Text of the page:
What kind of bed is this?

  1. I happened across a picture of a rather strange hospital bed. It's composed of two parallel hoops with the mattress (I think) in a fixed position between them. I found one picture (from cheesy horror film, sorry): http://mountainsanatorium.net/images...isaburnout.jpg

    Perhaps one of the older and wiser members could enlighten me? I've never seen that kind of setup before and have no idea why it would be used.
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    About SaraO'Hara

    Joined: Dec '05; Posts: 562; Likes: 408
    LVN in skilled nursing / rehab; from US
    Specialty: 5 year(s) of experience in LTC, subacute rehab

    10 Comments

  3. by   Myxel67
    it looks sort of like a stryker bed. something that has been used for burn pts.

    yes--that's what it is--allows for turning--lots of info online





    [color=#003399]stry-ker frame ([font=lucida sans unicode]strī'kər)
    n.
    a frame that allows an individual to be turned in various planes as a single unit without moving parts of the body separately.
    Last edit by Myxel67 on Mar 8, '07 : Reason: add pix
  4. by   traumaRUs
    I thinks its called a circ-o-electric bed - it was used for burn patients a bazillion years ago. Can't find a picture but that is what you posted.
  5. by   prmenrs
    Trauma gets the prize! It's a circ-o-electric bed, used for anyone hard to turn--spinal injuries, etc. Could never figure out what made them use a Circ-o bed vs a Stryker frame. And it seemed like the Circo bed needed more people to turn the pt. It had a control thing to lift the pt up and over--very slowly; Stryker was more like flipping a pancake.

    You could gradually elevated the spinal pts to see how well/long they tolerated being upright w/o d/c'ing their spinal traction. Stryker was either prone or supine. So that was one advantage.
  6. by   TNNurse92
    Here is a picture of one in use... very very old. I believe that they were used predominately for spinal injury patients- for turning and positioning
    http://www.public.asu.edu/~gimpy/The...d_Photo_10.htm
  7. by   gitterbug
    these were very useful at one time. I used them everyday for years. then they went away, but skin breakdown was not as prevelant when we used them.
  8. by   celeste7767
    Sounds like a Circolectric Bed, used primarily in the early 1970's to 1980 for the quadraplegic patients to prevent skin breakdown and to change positions gradually to avert some of the autonomic problems associated with this class of patient. This was preferred over the Stryker frame by many neurosurgeons at the time because the patient was not flipped from supine to prone like a pancake. As with everything else in medicine, newer more comfortable and more efficient beds came along to replace them.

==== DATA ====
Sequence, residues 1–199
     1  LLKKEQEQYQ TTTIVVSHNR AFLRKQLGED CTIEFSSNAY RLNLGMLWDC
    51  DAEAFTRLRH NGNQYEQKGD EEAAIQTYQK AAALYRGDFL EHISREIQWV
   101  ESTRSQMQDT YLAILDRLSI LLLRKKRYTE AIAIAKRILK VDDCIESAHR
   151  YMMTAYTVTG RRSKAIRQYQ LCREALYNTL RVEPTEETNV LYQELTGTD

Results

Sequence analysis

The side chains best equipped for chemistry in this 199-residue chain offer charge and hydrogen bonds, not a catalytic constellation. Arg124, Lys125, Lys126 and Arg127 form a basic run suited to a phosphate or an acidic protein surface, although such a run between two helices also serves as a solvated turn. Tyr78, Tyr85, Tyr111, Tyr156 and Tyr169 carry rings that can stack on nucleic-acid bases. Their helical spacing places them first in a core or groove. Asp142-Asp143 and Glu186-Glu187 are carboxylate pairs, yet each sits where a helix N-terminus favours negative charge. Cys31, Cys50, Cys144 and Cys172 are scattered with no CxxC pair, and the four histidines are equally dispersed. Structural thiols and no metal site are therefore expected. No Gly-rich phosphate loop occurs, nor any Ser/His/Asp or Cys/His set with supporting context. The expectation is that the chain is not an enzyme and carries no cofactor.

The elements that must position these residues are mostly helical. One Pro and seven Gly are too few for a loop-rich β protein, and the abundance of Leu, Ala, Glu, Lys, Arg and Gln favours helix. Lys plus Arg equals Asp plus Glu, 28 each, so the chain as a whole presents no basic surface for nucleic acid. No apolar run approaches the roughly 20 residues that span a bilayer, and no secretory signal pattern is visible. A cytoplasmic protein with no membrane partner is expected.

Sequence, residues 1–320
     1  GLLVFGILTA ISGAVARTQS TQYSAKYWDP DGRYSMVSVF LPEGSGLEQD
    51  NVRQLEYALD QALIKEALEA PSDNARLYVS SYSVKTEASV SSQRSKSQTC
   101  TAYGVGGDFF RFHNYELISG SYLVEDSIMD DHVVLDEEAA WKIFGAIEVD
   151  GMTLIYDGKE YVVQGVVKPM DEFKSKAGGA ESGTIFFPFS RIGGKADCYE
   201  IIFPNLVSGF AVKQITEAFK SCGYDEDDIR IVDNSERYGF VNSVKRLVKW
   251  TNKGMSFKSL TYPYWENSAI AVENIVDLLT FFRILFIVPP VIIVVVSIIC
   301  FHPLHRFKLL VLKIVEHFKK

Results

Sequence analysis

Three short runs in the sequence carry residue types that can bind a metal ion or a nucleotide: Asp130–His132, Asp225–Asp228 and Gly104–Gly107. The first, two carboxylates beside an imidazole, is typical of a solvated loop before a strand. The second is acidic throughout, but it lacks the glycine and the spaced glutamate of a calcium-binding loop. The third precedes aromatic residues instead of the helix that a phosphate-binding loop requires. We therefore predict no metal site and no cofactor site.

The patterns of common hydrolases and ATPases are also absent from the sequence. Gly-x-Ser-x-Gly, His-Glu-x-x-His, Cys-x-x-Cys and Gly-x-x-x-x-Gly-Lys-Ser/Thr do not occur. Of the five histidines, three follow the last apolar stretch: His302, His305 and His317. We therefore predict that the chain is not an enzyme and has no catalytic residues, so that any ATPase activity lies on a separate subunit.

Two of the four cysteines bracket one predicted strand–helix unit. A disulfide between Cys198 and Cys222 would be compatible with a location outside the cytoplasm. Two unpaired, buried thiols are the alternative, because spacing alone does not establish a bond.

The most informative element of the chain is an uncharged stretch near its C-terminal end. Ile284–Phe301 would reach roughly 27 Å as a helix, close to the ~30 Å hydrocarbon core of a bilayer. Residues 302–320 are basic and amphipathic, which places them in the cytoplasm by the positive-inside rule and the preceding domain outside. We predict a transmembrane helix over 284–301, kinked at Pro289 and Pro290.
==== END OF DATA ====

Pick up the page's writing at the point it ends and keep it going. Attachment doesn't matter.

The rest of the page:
9. by   prmenrs
    TNN's link shows both beds in use (click on the little pictures). Love the nurses w/caps and dresses!!
  10. by   nurse4theplanet
    There was a similar type of bed that was being used at our Level one Trauma Hospital for ARDs. They said they pt's were proven to have better outcomes if they were rotated upside down (alleviated pressure on the chest wall and allowing maximum expansion for respirations). Anyone heard of this?
  11. by   medicrnohio
    Quote from asoldierswife05
    There was a similar type of bed that was being used at our Level one Trauma Hospital for ARDs. They said they pt's were proven to have better outcomes if they were rotated upside down (alleviated pressure on the chest wall and allowing maximum expansion for respirations). Anyone heard of this?
    Yes some studies have found proning patients with ARDS leads to better outcomes. We use the RotoProne bed for this now. Here is a link to the website. I call it the alien bed.

    http://www.kci1.com/317.asp
  12. by   nurse4theplanet
    Quote from medicrnohio
    Yes some studies have found proning patients with ARDS leads to better outcomes. We use the RotoProne bed for this now. Here is a link to the website. I call it the alien bed.

    http://www.kci1.com/317.asp
    Ahhhh....yes. That's the name of the bed I was referring to! I couldn't remember what it was called lol. Circo...Roto...my hospital doesn't have one. I knew it didn't look like the one in the pic. Thanks.

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